The greatest truths are the simplest ones
There are lots of take aways from the seven sessions but I will mention the simplest ones since St. Thomas Aquinas said that the greatest truths are the simplest ones.

On poverty
1. “When God is all we have, we realize that God is all we need.”

On Sinning
1. “There are no private sins. All sins are communal (1 Cor. 12:26).”
2. “Sin brings its own punishment (Deut.6:15).”
3. “Unconfessed Habitual Sin causes Moral Anesthesia.”
4.If the devil cannot make you Sin, he will make you busy.”
5. “If I am full of myself, I am empty.”
6. “Hurt people hurt people.”

On Change
1. “Only the dead does not change.”

On dreaming
1. “You cannot outdream God.”

On love
1. “We become what we love.”
2. “We cannot love that which we do not understand.”

On Forgiveness
1. “Forgiveness does not change the past but enlarges the future.”
2. “Even when reconciliation is not possible, forgive.”
3. “If one forgives, one must remember.”

On classics
1. “A classic is timeless because it is forever timely.”

On hermeneutics
1. “Every translation is an interpretation.”

On presence
1. A bra is someone close to the heart and is there to support.”

On peaceful living
1. “A peaceful life is an orderly life.”

There are lots worth mentioning and I’ll update this post once I remember them.

The reason why I tell lies about our house when I was twelve

If you ask me about our house when I was twelve, I might have told you a lie. I might have told you that I live in a big house with rich neighbors in a subdivision. As I recall it, I refuse to tell where I live in whenever someone asks. Why? Reason: bullying in school.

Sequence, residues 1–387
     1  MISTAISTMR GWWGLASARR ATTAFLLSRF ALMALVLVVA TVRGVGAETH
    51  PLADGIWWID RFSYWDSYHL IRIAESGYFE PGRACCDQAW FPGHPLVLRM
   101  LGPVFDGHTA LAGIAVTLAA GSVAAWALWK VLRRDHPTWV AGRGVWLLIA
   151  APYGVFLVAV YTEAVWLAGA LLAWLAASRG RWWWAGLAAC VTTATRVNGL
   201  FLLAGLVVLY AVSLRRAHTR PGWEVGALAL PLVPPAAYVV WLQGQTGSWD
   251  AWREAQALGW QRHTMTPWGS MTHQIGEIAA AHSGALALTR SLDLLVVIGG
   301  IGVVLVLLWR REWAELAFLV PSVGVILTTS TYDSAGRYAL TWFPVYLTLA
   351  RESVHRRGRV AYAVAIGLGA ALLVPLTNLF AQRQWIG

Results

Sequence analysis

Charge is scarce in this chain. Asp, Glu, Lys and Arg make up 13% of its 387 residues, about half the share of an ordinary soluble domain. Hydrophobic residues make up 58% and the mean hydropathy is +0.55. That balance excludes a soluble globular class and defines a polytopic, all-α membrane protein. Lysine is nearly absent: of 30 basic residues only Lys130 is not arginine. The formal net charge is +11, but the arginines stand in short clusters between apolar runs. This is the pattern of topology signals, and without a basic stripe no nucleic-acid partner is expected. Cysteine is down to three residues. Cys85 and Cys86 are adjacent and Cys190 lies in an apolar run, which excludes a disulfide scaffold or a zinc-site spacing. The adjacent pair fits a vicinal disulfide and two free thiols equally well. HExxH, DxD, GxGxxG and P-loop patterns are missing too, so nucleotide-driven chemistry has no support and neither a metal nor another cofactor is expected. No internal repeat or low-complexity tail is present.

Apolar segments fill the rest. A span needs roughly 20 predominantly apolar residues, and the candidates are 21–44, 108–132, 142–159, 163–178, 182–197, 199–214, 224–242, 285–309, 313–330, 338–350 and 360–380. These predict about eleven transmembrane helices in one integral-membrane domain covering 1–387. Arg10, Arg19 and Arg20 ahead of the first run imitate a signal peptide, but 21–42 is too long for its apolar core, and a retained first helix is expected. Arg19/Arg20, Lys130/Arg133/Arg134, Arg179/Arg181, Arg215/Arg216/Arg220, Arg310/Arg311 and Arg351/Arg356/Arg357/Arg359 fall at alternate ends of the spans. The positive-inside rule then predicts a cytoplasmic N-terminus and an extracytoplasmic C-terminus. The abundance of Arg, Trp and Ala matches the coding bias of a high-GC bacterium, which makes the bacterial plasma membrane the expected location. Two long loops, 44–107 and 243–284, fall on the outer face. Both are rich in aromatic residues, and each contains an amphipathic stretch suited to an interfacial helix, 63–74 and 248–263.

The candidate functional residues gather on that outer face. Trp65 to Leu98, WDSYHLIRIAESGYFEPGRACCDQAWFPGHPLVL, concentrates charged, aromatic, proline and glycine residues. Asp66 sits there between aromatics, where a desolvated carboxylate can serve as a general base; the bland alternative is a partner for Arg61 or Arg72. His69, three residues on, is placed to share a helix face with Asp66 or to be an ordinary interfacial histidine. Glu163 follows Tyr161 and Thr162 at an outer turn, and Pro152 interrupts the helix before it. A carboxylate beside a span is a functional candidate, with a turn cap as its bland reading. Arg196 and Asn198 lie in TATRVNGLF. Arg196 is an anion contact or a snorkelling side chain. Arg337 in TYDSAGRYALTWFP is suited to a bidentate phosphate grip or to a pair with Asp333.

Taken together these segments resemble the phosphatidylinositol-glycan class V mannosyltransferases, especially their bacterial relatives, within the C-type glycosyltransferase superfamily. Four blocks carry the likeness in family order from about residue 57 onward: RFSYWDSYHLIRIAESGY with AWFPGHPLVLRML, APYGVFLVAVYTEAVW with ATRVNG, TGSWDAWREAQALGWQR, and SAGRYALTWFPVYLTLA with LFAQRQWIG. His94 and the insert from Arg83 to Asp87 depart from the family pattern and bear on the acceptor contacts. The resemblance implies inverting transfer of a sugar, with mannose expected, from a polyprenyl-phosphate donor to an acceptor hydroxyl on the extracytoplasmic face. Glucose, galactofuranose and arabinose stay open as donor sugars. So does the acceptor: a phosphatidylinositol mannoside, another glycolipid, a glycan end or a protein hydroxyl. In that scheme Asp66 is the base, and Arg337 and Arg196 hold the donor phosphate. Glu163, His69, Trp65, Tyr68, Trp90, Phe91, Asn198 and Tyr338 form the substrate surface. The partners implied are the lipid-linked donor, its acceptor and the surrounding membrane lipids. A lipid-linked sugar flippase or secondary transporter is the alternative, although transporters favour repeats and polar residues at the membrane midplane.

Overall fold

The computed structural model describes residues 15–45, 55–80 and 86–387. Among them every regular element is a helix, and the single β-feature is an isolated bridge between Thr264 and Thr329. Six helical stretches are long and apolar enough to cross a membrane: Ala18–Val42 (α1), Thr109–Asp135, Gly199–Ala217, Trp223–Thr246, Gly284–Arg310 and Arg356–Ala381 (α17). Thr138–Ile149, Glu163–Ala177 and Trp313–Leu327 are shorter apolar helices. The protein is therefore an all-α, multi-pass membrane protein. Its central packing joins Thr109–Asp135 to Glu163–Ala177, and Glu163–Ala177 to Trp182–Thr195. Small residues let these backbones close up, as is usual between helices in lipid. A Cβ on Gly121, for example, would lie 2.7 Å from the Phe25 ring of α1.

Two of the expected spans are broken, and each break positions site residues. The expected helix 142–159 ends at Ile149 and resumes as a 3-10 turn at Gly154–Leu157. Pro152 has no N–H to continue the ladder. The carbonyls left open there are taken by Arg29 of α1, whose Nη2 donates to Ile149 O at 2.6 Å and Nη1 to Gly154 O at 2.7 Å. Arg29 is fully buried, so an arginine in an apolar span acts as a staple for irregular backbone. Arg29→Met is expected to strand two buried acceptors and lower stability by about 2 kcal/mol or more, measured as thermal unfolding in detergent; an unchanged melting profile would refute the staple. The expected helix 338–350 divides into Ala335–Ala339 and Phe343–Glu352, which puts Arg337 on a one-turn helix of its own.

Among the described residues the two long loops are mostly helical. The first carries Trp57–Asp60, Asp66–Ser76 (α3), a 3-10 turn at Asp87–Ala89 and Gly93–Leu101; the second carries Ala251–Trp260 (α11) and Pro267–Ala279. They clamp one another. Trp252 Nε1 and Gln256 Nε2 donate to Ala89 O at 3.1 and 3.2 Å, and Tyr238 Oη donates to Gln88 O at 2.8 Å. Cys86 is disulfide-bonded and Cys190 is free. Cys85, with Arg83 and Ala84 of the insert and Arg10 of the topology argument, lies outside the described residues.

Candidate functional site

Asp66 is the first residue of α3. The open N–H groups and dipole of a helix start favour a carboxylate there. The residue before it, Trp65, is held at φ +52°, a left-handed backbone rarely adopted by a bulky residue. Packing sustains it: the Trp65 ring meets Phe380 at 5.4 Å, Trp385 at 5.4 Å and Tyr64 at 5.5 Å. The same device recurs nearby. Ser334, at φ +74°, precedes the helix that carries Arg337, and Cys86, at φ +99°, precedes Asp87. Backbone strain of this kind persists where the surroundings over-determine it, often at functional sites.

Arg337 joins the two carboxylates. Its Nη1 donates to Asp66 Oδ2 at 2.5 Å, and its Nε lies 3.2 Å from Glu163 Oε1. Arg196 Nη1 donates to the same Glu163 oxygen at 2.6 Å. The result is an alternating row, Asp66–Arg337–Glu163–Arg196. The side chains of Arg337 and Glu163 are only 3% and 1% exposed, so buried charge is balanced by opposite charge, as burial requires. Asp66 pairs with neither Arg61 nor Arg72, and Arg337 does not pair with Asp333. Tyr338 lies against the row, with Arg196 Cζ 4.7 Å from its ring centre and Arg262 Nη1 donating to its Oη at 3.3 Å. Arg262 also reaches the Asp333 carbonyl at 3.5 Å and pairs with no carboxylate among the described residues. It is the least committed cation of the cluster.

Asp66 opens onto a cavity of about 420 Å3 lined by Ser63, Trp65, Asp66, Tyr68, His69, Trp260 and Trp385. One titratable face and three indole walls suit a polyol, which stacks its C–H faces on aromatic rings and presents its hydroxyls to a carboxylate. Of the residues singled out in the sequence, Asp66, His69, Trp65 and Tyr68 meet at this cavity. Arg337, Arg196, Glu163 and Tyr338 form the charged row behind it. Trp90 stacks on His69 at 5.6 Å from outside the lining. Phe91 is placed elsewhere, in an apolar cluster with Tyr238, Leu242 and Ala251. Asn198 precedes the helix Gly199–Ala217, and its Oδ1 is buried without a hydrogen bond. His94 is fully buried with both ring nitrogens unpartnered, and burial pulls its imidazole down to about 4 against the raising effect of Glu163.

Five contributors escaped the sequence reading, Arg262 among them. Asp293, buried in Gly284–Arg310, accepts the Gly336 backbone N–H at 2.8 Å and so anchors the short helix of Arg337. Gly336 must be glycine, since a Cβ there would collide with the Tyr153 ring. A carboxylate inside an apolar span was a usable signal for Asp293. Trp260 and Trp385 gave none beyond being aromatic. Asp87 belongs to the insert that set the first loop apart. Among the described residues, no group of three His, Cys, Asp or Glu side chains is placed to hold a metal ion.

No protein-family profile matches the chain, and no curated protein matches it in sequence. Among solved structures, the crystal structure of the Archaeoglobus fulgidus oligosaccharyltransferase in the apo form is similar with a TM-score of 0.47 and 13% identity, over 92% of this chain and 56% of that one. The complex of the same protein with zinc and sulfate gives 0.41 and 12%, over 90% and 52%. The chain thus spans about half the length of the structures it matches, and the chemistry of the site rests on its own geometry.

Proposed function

I’m bullied most of the time in school. My classmates call me names such as a “son of janitor” or a “squatter”. In truth, both of them are not true. Yes, I am a son of an employee but my father was a school electrician not a janitor. I might be living on a poor settlement site but we are not squatters. Though we are still playing our lot, we still own our house. Our house is just small, only a mere two-storey building with an area of 40 square meters. The house exterior is not even painted. Why we were living there is a painful story to tell.

We just transferred since we got booted out with the government demolishing our house. I do not really know why and how that happened but I heard that we raised the issue in court. We had a document proving our grandfather owned a title of the land but the court said it was invalid. Too bad, the document was still written in Spanish and not renewed. That explains why we live in a cramped house. We desperately needed a house to stay in. We are seven in the family but we have no other choice but to stay in a small place.

During sleeping time, we roll in some sleeping mat in the first floor. This is where I, our youngest sister, and my parents would sleep in. My other siblings would sleep upstairs with my eldest sister in a bed, my two brothers in a double-deck.

Like any other kid with my age, I spend most of my time in school. If not studying, I’m with the chess varsity training. If I’m not in school, I’m playing games with kids in the neighborhood. I’m usually out of our house. Now, I wonder why is it I’m always out of our house? I guess I’m just enjoying the best out of my childhood. I’m still a kid, right?

This was thirteen years ago.

Writing Prompt: Writing 101—Size Matters (Assignment 11)